Some readers may recall that combustible dust was blamed by the CSB for a December 2010 fire and explosion that killed three workers at the AL Solutions facility up in New Cumberland, W.Va.  As we’ve written, the CSB has yet to issue a report on that incident. While the board is far from perfect, board members are trying to focus public and regulatory attention on the important issue regarding the dangers of combustible dust.

In response, OSHA enforcement director Thomas Galassi offered this status report on his agency’s combustible dust rulemaking:

OSHA has developed several regulatory alternatives, ranging from basic to comprehensive. The agency is also preparing the necessary materials and analyses for the Small Business Regulatory Enforcement Fairness Act review, which is scheduled to begin in November 2013. After the SBREFA meeting, OSHA will continue to work towards publishing the proposed rule.

Galassi continued, in a prepared statement to the CSB:

Because the rulemaking process is time consuming, OSHA has taken more rapid steps to ensure that workers are protected in the interim.  In October 2007, OSHA initiated a Combustible Dust National Emphasis Program (NEP).  In light of the Imperial Sugar dust explosion on February 7, 2008, OSHA expanded the NEP to focus on industries with more frequent and high consequence dust incidents.  The revised NEP includes 64 types of industries for inspection.  In addition, OSHA inspected all sugar refineries (Beet and Sugarcane) under Federal jurisdiction as part of the NEP.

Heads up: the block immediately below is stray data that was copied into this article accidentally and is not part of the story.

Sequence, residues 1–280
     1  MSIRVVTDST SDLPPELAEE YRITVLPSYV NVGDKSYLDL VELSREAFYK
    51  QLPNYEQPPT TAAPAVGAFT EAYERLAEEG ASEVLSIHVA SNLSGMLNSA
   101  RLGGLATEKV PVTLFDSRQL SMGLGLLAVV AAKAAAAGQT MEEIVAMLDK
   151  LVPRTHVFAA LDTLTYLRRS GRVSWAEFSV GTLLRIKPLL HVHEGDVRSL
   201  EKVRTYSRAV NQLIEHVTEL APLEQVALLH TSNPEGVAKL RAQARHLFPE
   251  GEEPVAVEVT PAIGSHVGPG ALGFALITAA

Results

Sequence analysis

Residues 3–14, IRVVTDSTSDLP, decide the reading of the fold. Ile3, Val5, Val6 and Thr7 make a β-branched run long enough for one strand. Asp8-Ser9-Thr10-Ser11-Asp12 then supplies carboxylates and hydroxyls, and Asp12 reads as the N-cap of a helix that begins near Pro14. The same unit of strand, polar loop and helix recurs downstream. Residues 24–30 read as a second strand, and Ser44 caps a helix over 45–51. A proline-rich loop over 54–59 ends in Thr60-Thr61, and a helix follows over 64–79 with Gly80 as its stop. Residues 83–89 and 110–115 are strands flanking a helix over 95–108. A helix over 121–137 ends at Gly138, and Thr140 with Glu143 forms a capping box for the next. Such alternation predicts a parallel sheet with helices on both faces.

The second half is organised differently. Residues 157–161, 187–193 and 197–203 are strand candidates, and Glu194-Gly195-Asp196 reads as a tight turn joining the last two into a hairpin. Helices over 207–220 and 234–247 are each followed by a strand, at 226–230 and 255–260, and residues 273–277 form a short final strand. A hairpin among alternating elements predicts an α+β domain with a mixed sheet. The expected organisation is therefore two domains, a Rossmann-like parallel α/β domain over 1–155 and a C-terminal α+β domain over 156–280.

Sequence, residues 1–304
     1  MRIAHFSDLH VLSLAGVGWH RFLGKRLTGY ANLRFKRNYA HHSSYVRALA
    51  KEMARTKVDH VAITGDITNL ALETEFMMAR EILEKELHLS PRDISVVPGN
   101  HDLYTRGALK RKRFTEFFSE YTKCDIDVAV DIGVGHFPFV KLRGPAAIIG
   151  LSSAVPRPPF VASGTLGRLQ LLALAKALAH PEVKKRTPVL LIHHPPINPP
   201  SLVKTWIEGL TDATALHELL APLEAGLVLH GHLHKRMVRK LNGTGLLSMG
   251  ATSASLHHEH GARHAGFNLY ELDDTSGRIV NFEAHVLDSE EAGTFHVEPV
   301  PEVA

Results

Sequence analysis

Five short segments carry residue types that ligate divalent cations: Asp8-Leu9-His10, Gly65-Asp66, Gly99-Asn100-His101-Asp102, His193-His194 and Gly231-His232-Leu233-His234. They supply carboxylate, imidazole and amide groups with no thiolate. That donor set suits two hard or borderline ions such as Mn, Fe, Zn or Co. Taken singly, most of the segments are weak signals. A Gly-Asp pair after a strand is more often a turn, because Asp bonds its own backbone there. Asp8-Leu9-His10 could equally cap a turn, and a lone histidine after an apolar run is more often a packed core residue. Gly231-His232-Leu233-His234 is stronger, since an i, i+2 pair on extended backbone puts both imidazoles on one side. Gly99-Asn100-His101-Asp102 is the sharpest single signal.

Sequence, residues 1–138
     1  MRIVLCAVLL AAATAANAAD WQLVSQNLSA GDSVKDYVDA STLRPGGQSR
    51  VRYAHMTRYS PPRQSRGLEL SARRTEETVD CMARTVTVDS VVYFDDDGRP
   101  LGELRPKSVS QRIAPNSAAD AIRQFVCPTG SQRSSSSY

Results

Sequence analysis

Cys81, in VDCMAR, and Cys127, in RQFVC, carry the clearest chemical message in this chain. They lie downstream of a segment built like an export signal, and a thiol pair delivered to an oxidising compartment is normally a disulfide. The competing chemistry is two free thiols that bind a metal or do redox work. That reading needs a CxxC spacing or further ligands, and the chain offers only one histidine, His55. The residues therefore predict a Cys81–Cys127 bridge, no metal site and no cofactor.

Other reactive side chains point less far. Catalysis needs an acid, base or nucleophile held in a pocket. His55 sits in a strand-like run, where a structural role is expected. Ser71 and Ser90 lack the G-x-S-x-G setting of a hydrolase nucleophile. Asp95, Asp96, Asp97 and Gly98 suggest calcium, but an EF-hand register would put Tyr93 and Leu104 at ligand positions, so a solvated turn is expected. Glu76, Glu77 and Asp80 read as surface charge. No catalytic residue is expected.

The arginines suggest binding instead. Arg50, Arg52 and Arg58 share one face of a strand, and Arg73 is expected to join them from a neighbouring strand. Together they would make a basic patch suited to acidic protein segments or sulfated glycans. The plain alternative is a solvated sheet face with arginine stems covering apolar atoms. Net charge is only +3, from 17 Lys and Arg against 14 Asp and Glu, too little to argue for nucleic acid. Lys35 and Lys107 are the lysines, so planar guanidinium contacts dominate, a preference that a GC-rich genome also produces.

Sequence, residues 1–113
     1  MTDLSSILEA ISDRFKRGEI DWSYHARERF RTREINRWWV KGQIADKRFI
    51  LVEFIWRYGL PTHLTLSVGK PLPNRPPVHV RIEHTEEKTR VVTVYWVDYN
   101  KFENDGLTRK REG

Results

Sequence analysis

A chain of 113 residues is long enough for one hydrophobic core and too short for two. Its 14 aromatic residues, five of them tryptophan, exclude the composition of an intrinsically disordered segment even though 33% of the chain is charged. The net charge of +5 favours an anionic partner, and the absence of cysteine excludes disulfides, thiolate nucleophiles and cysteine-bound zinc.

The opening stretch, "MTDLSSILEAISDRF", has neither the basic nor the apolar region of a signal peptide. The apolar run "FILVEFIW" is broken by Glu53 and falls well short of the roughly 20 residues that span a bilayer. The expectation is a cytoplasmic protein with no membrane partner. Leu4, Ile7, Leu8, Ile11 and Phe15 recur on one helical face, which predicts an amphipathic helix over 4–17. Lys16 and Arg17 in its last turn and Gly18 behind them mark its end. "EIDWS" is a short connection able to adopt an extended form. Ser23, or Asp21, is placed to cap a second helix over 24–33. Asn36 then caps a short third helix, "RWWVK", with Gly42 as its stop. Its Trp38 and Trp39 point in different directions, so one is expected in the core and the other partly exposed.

OSHA is taking, and will continue to take, strong enforcement actions to address combustible dust hazards.  Since the start of the NEP, OSHA and its state plan partners conducted over 3,700 inspections;  Identifying over 14,000 violations at facilities handling combustible dusts.  In the absence of a dedicated combustible dust standard, OSHA has a number of tools such as the general duty clause and the housekeeping standard to address combustible dust hazards.

 And:

In the interim, until  a final combustible dust standard is issued, the Agency’s strong and effective enforcement of existing regulatory and statutory requirements, combined with education and outreach to employers and employees, is helping to protect the safety and health of working men and women who may be exposed to combustible dust hazards.   OSHA is certain that rulemaking efforts that are currently underway will further reduce the potential combustible dust flash fires, deflagrations, and explosions.